In effect, the global abundance of food depends on the rarity of weather extremes. If weather extremes become more common, it will follow like night follows day that agricultural yields will plummet accordingly.
Few people expect anything other than a permanent stable abundance of grains and other foodstuffs. The idea that multiple failures in multiple crops could make basic foods scarce is not even considered a possibility.
Returning to the Tyranny of Price: how accurately does the market price in the decline in food’s nutritional value as the soils are depleted? How accurately does the market price in the future health costs of polluted water and soil? How accurately does the market price the consequences of rapidly dropping water tables and the draining of aquifers? Does price reflect the danger of key glaciers that provide water for millions of people melting away?
The answer is the market ignores all these critical factors. They are not factored into the market price at all, because the market only prices in supply and demand in the present. Nothing else is counted or calculated.
While we’re discussing the potentially devastating consequences of weather extremes, let’s also consider urbanization/ suburbanization and the rapid aging of the world’s farmers. Prime agricultural land has been paved over for decades, and some day we may regret this staggering loss of deep soil to suburban sprawl.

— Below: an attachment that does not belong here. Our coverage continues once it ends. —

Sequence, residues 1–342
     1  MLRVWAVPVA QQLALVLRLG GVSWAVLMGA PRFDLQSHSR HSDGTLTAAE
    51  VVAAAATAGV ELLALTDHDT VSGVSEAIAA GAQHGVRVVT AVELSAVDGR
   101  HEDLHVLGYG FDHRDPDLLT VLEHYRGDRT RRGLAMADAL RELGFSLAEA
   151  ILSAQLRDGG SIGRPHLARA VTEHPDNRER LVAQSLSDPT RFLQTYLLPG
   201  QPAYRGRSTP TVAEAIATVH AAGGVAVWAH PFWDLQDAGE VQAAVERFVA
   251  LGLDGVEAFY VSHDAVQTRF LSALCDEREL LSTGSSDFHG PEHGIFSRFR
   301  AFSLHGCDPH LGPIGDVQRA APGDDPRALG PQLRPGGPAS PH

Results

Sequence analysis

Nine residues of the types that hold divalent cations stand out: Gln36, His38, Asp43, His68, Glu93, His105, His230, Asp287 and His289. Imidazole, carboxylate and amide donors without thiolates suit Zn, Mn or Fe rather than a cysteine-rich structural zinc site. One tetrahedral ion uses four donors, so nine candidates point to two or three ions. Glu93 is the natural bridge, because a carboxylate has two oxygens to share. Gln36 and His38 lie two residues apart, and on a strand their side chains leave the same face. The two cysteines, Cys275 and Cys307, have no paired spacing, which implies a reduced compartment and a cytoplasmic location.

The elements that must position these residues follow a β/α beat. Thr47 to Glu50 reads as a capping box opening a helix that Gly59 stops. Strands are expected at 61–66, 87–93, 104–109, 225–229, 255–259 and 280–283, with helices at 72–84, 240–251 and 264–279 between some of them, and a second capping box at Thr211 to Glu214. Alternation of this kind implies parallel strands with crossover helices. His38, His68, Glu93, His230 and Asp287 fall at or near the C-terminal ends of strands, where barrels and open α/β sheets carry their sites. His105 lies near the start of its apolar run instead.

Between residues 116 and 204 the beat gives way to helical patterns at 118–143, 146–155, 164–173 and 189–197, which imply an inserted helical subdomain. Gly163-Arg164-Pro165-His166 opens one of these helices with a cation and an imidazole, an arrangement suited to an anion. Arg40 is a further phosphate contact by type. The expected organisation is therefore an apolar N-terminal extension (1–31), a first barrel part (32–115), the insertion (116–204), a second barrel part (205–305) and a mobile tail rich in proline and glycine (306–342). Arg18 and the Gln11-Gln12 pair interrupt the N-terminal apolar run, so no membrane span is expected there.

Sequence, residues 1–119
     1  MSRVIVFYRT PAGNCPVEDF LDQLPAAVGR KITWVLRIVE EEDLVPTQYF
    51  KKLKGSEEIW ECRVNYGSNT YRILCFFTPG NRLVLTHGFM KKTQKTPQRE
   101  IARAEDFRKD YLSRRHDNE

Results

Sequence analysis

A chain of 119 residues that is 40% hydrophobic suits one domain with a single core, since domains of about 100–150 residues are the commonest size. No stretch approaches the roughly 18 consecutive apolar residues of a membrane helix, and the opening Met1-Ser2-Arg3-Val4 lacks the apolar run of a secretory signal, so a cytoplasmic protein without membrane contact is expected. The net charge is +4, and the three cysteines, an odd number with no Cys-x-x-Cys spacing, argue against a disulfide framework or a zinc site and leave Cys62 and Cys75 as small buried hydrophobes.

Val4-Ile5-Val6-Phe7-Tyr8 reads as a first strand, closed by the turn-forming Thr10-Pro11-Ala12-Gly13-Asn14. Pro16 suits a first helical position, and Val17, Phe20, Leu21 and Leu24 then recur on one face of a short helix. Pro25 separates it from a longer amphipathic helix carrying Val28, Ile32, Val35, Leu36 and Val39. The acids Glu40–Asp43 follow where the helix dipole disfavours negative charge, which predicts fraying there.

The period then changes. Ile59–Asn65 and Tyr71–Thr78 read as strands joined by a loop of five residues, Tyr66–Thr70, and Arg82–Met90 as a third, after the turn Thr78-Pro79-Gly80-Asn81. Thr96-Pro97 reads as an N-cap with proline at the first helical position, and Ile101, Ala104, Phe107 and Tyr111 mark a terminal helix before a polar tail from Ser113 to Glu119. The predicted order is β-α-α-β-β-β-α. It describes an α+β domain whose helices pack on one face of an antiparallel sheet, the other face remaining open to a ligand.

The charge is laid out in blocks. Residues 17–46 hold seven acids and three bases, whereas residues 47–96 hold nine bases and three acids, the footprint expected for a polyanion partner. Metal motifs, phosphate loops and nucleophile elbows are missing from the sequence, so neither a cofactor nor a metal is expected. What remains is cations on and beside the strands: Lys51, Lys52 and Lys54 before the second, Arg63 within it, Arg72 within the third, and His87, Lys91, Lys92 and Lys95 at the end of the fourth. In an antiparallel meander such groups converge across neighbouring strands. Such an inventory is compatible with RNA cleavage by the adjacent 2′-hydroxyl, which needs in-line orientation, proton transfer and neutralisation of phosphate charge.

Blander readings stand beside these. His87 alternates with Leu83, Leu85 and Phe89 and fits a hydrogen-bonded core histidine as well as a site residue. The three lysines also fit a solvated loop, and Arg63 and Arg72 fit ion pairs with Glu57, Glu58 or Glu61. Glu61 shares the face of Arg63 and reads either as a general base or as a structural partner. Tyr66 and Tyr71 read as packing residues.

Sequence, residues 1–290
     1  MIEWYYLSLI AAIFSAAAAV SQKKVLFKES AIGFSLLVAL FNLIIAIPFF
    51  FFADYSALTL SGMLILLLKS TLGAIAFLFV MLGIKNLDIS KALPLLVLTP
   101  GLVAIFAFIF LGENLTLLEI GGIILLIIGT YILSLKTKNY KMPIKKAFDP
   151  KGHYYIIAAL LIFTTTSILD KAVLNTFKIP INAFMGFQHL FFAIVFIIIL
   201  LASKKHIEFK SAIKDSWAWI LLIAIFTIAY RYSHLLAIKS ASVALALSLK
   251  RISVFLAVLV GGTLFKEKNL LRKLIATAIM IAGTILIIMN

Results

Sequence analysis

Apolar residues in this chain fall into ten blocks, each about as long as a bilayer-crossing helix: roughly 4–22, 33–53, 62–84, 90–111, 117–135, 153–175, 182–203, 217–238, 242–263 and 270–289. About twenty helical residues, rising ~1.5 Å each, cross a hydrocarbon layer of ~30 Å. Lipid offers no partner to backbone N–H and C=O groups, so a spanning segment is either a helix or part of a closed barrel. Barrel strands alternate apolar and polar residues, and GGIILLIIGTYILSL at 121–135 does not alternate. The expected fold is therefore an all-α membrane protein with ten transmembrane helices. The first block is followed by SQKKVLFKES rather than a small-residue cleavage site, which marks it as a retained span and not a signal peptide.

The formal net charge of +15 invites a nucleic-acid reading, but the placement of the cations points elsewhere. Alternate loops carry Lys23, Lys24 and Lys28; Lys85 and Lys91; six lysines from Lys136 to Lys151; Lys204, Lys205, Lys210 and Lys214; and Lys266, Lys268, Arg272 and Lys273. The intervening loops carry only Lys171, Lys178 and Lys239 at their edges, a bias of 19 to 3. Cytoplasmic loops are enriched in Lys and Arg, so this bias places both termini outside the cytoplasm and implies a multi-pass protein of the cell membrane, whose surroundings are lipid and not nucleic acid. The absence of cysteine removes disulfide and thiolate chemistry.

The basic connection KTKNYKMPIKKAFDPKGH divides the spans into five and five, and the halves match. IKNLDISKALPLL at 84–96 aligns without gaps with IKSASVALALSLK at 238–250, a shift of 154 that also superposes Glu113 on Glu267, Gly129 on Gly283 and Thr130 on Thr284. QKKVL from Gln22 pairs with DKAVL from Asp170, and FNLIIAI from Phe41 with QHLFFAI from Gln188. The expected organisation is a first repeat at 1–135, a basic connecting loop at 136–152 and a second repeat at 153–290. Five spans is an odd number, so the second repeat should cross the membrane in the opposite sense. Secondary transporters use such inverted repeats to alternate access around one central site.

The average age of farmers in Japan is 67, and over 58 in the US. The work is hard, risky and demands large investments of capital and time, and so relatively few young people are able or willing to become farmers. In rural China, an entire generation of over-60 people perform the physically punishing work of small-scale by-hand farming while their children work in the cities.
We take it for granted that somebody will do the heavy lifting of growing our food, regardless of the difficulties. But what happens when the generation of aging farmers retires en masse? Who will replace their expertise and experience?
The only way aging farmers will be replaced by young people is if prices for agricultural products rise to the point that they exceed the financial rewards of working in cities by a significant margin. When agriculture is the place to get rich, it will attract younger farmers and capital.
Let’s suppose extremes of weather decimate yields globally for a few years in a row. What happens to prices of basic foods? They skyrocket, of course, pricing out the poor. The poor then demand subsidized food, and fearful governments either supply the subsidized food or they risk outright rebellion from hungry desperate people.
The potential for a global food crisis is heightened by the confidence that such a crisis could not happen in the era of modern high-yield agriculture. But as Bart observes, a scarcity of food cannot be fixed by financial legerdemain.
The weather isn’t affected by our debates over the causes of global warming and weather extremes. Perhaps we should be focusing on making our fragile global food supply chain more resilient in an era of increasing weather extremes, and start pondering the cost of degraded/depleted soil and fresh water.
Maybe we should start thinking about who will replace the aging generation of farmers who will be physically unable to do the work in a few years.
Or we can wait until a “surprising and unexpected shortage” of food hits the human populace with full force.
This essay was drawn from Musings Report 33. The Musings Reports are emailed weekly to subscribers ($5/month) and major contributors ($50+ annually). The financial support of generous readers pays for the “free” blog posts and enables me to write books of marginal interest to the mainstream. Thank you, generous readers!